When your chicken is done marinating (two to three hours is ideal) and you’re ready to start cooking, load your chicken onto the wooden skewers and place them over the fire. We like to use a cooking grate/grill like those found on most campground fire rings, but you can use a cast iron skillet here in a pinch as well.
Allow the skewers to sit until your chicken chunks are cooked all the way through. Make sure to keep an eye on all of them, flipping and rearranging as necessary, as the heat from a campfire has a habit of cooking some areas of the grill faster than others.
Once your chicken is done cooking, remove it from the grill, and pull the meat off the skewers. Load up your tortilla of choice (we recommend grabbing two per taco if you’re using corn, as they’re more likely to come apart) with the chicken, then top it all off with freshly chopped cilantro, onion, and a spoonful of your favorite salsa to taste. Bon appetit!
Pro tip: If you’re feeling froggy, throw your tortillas on the grill for about a minute to get the outsides nice and toasty. That “perfect crunch” happens fast, so keep an eye on them!
Toasty Pizza Sandwiches
For many of us, pizza sandwiches were a highlight of our youth on family camping trips. The good news is that they taste just as good as an adult as you remember them, and if you’ve got any kids in your crew, they’ll always be a hit. This also happens to be one of the easiest meals you’ll ever cook at the campground or at home, and requires almost no prep time.
Cookware of choice: Large cast iron skillet
Feeds: About 5 people
- 1 loaf of your favorite bread
- 1 can of pizza sauce
- 1 bag of mozzarella cheese
- 1 bag pepperoni
- 1 stick of butter, softened
Start by setting your cast iron skillet over your grill grating, and give it enough time to heat up. We don’t want this thing to be scalding hot, but a little sizzle when the bread meets the pan is our goal.
Spread your softened butter over your slices of bread. Whether you do one side of each or all sides is up to you. Personally, we’ve always been fans of “the more butter the better” with pretty much anything.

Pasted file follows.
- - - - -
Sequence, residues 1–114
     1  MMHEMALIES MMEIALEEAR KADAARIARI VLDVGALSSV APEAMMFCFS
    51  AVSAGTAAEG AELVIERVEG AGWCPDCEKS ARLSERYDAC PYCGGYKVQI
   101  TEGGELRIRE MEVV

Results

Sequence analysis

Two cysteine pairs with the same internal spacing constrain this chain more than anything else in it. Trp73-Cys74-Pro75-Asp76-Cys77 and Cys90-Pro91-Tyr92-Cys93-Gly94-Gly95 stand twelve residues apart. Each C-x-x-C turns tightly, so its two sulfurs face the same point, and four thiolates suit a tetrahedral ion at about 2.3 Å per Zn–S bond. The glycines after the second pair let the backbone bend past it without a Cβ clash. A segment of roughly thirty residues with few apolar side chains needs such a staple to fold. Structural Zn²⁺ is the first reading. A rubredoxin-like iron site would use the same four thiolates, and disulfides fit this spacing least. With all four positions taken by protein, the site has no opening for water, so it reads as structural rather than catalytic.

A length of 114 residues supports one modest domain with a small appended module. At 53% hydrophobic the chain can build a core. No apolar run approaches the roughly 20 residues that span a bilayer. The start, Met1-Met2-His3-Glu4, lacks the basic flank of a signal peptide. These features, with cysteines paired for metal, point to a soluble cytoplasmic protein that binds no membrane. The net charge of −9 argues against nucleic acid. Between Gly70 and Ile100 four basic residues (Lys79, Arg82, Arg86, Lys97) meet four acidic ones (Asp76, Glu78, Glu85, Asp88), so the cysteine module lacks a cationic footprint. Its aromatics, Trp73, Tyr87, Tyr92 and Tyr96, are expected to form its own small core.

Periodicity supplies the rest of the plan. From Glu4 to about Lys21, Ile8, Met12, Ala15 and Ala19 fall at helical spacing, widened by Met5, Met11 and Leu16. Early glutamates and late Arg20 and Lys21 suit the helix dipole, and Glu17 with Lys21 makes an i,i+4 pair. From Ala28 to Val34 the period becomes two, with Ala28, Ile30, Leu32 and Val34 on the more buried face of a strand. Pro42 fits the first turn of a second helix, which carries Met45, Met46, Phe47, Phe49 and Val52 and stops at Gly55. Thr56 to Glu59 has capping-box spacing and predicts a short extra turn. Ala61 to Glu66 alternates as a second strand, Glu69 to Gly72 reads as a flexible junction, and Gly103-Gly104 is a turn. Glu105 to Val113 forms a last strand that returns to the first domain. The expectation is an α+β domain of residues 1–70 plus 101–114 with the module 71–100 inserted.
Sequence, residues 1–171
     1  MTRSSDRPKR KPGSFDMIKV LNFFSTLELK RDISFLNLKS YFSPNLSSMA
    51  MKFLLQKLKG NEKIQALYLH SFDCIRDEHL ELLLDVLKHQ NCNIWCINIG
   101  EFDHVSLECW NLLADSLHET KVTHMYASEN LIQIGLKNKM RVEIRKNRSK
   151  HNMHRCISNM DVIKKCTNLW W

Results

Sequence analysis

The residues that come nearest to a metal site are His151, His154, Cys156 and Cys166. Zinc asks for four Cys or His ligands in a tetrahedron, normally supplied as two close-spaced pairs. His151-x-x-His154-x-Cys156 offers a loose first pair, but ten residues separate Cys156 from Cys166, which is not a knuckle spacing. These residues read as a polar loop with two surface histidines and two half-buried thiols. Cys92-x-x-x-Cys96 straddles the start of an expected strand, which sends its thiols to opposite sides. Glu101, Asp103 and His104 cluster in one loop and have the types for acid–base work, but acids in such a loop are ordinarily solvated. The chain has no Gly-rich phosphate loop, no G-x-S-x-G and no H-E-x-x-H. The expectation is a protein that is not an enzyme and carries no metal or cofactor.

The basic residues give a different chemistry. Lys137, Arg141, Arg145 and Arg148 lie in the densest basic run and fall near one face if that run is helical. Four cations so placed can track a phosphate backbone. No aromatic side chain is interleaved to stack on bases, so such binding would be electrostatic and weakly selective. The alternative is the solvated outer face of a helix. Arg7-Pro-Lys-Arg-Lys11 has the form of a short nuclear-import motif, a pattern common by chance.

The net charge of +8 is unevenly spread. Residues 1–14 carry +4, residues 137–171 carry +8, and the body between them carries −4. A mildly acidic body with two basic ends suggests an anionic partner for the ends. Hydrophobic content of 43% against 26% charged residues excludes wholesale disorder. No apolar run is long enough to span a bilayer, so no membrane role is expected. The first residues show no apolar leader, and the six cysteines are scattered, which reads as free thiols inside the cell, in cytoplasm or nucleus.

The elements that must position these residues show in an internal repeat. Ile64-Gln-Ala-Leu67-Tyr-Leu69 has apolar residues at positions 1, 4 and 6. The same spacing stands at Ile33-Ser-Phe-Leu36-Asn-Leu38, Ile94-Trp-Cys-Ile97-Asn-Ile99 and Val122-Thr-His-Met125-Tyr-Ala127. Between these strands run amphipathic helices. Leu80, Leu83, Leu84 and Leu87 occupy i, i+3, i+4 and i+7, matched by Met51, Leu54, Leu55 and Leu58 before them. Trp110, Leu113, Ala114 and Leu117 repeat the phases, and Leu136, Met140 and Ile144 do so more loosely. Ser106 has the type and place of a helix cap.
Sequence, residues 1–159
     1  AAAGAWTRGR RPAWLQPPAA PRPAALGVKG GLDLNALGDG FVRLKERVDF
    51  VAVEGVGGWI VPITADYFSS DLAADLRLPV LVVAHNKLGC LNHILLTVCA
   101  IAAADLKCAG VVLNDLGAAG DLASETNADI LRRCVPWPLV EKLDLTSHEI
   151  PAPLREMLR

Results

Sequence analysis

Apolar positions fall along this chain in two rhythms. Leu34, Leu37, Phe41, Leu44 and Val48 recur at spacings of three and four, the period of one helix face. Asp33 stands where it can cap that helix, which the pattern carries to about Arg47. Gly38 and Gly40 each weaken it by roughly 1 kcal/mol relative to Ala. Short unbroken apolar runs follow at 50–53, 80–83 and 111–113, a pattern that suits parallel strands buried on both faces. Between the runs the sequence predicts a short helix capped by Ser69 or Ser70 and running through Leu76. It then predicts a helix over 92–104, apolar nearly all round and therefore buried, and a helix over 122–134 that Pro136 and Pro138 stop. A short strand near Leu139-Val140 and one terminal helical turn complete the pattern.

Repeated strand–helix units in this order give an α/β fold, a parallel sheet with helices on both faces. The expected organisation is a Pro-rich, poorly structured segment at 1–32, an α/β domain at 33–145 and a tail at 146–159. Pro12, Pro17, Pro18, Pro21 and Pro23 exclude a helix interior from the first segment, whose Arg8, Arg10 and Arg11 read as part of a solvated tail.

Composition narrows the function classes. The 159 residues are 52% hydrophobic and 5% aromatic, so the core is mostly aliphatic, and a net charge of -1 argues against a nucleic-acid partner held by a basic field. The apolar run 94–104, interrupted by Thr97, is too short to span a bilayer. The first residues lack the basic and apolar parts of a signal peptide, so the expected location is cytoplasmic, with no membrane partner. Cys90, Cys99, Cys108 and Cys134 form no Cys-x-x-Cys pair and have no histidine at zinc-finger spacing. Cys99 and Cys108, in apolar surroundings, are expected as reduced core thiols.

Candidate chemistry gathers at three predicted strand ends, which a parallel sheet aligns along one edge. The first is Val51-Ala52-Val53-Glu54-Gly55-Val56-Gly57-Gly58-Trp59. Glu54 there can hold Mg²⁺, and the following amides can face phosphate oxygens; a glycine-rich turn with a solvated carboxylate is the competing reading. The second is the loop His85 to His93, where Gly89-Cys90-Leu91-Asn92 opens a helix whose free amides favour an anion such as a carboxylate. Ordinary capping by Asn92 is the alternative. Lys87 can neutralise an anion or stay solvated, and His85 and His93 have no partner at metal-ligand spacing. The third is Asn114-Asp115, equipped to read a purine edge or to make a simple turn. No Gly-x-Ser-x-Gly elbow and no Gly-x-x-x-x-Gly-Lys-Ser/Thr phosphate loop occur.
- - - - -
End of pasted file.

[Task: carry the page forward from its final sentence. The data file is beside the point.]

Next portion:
Spread a tablespoon or so of pizza sauce evenly over one side of the sandwich, and add your desired amount of shredded mozzarella to the other. Next, load up as much or as little pepperoni as you want on top of the cheese side (we typically go for four-five slices), then put your sandwiches together.
Carefully set your completed sandwiches down into your hot skillet. Ideally you’ll want to let each side sit for 1-2 minutes, giving the bread ample time to crisp and brown and giving the cheese plenty of time to melt completely. Cook times for each side will vary with the heat of the pan/fire, so keep your spatula nearby for regular checks/flips as needed. The entire process takes about 5 minutes or so, so keep a close eye on each sandwich to ensure you don’t end up with charcoal instead of toast.
Chocolate Caramel S’mores
We trust you’re all familiar with the joy of a classic campfire s’more. We’re not here to knock the original, but if you’re a fan of caramel, we’ve got a feeling you may never go back after trying our take on the quintessential campfire treat.
Cookware of choice: Good ‘ol fashioned pointy stick and a flat piece of firewood
Feeds: As many people as you’ve got chocolate for!
- Graham crackers
- Giant marshmallows
- Caramello candy bar
- Flat piece of wood (trust us here)
This is the most important and most underutilized tool in your s’mores cookbook: Take your flat piece of firewood and place it on the edge of your fire ring, away from the flames, but somewhere with plenty of heat. Next, get your two pieces of graham cracker and place one (or two) squares of a Carmello candy bar between them. Place this little sandwich on the warm piece of wood, and leave it alone for now.
If you’ve ever made a classic s’more, you’ll be familiar with the procedure from here. Pick out the perfect roasting stick, skewer a nice fat marshmallow on the end, and roast it until it’s cooked to perfection. Some folks like ‘em golden brown, others like them literally on fire: We’re not here to judge, so you do you.
Once your marshmallow is roasted to perfection, grab your two sections of graham cracker off the wood plank and have a look inside. If you did it right, you’ll have a warm/partially melted treat waiting for you. Add your marshmallow between the two graham crackers, give it a little squeeze to squish it all together, and enjoy!
S’mores are great, caramel s’mores are (arguably) better, but if you want to try something entirely new for your campfire desert, give our campfire churros a try. They’re just as easy to cook (all you need are three ingredients and a stick), and make for a satisfying cinnamon alternative for anyone feeling burnt out on chocolate.
Cookware of choice: Pointy stick